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GEO-3: GLOBAL ENVIRONMENT OUTLOOK  
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Coastal development and physical alteration

Rapid urbanization has occurred in most of the countries of the region over the past three decades, particularly in the smaller countries such as Bahrain, Iraq, Jordan and Lebanon. By the early 1990s, some of the GCC countries had developed more than 40 per cent of their coastline (Price and Robinson 1993), and recent estimates indicate coastal investments in the region to be worth US$20-40 million/km of coastline (UNEP 1999).

In Lebanon, more than 60 per cent of the population of about 3.5 million live and work along a very narrow coastal strip (Government of Lebanon 1997, Grenon and Batisse 1989). Some 64 per cent of the population of all the Gulf Cooperation Council (GCC) countries except Saudi Arabia live along the western coasts of the Gulf and the Arabian Sea (ROPME 1999). More than 90 per cent of the population of Bahrain and 37 per cent of Kuwaitis live along the coast.

Coastal populations are expected to increase - for example, the population of Aqaba is predicted to more than double from 65 000 to 150 000 by 2020 (UNEP and PERSGA 1997). Increasing urbanization, accompanied by ill-planned coastal tourism and/or industrial projects, has resulted in the degradation of coastal and marine environmental quality. The Mashriq sub-region and the smaller states of the region are also unable to deal with the large quantities of domestic litter generated along the coasts, due to space limitations and inadequate waste disposal systems.

Dredging and land reclamation are also intensifying in most countries. Major landfilling has occurred along the western coasts of the Gulf countries such as Bahrain, Saudi Arabia and the United Arab Emirates. These activities have led to destruction of marine habitats and ecologically productive areas, coastal erosion, and loss of coastal stretches in many countries.

The need for environmental impact assessments and integrated coastal zone management has been recognized by most countries since the early 1990s and a number of coastal and marine action plans have been developed (see box). A new methodology for integrated coastal zone management was developed by UNEP's Mediterranean Action Plan (MAP), and a Coastal Area Management Project (CAMP) for the south of Lebanon was launched in 2001 by MAP and the Lebanese Ministry of Environment. Nevertheless, with the exception of a regional programme under MAP aimed at safeguarding 100 historical sites notably in the Mashriq region, no concerted effort has been undertaken to protect other historical sites, including submarine structures, from the ravages of dredging and landfill activities.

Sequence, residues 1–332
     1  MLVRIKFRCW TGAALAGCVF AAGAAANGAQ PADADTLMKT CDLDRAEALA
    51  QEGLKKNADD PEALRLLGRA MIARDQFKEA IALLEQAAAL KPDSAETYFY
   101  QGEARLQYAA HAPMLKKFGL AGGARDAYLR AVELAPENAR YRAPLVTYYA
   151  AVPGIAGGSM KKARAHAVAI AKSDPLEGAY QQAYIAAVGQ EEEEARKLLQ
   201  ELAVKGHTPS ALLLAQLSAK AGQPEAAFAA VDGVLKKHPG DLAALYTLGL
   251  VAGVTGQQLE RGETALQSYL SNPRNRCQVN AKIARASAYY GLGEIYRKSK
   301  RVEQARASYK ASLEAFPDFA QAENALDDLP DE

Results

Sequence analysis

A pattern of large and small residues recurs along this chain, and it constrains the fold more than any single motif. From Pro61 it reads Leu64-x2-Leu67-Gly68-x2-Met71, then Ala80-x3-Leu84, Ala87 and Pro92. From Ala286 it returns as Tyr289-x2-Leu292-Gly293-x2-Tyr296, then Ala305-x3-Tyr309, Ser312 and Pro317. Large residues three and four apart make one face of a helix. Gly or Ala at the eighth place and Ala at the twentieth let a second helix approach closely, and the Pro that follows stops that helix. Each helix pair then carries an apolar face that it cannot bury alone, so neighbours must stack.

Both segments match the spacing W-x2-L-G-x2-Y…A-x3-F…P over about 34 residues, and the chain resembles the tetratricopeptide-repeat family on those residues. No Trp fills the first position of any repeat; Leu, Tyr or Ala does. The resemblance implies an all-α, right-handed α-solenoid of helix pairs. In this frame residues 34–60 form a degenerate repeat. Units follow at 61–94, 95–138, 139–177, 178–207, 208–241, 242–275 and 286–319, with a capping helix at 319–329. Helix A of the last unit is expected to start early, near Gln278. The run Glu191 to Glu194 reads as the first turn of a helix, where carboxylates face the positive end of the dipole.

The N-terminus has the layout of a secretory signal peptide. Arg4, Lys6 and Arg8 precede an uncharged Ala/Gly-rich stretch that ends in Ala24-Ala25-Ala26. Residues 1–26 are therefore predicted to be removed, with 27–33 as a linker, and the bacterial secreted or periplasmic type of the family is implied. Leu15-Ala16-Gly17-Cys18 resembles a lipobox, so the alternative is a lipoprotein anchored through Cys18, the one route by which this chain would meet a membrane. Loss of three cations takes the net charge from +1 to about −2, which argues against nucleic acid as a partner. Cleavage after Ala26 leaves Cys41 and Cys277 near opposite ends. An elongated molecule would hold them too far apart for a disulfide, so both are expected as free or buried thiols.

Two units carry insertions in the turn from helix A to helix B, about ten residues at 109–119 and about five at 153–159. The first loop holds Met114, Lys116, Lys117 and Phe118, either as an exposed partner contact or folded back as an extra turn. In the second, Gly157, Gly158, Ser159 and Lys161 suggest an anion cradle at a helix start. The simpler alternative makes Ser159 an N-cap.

Coastal and marine action plans in West Asia

Three major action plans in the region are aimed at preserving the coastal and marine environment and promoting the sustainable development of the coastal zones:

  • the Mediterranean Action Plan: Lebanon, Syria and the Mediterranean countries of Europe and North Africa;
  • the Kuwait Action Plan: Bahrain, Kuwait, Iran, Iraq, Oman, Qatar, Saudi Arabia and the United Arab Emirates; and
  • the Red Sea and Gulf of Aden Action Plan: Jordan, Saudi Arabia and Yemen.

The Red Sea and Gulf of Aden Action Plan was specifically formulated to protect the region from the impacts of land-based activities. The Mediterranean Action Plan was updated in 1995 together with the Barcelona Convention and its protocols.